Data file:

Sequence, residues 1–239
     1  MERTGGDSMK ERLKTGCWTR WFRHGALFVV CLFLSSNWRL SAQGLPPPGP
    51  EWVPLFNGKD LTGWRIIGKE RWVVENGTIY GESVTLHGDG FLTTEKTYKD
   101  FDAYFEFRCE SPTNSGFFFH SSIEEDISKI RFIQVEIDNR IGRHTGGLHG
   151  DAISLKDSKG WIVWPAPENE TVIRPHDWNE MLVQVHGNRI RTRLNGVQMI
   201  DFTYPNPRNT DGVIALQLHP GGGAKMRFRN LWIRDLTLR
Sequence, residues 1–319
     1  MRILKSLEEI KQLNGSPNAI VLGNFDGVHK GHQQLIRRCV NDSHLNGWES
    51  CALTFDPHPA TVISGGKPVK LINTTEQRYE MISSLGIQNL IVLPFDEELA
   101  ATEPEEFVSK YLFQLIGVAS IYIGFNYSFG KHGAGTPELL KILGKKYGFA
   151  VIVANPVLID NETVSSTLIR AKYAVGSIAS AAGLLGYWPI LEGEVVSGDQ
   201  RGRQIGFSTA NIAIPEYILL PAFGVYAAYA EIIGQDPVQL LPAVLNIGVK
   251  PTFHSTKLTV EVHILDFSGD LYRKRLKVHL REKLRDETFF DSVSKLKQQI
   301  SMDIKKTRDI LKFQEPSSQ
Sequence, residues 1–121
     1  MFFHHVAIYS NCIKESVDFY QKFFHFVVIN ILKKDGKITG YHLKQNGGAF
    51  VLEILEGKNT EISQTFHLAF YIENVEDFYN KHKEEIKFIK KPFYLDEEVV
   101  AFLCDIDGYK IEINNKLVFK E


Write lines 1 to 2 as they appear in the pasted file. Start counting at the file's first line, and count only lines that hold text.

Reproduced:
Sequence, residues 1–239
     1  MERTGGDSMK ERLKTGCWTR WFRHGALFVV CLFLSSNWRL SAQGLPPPGP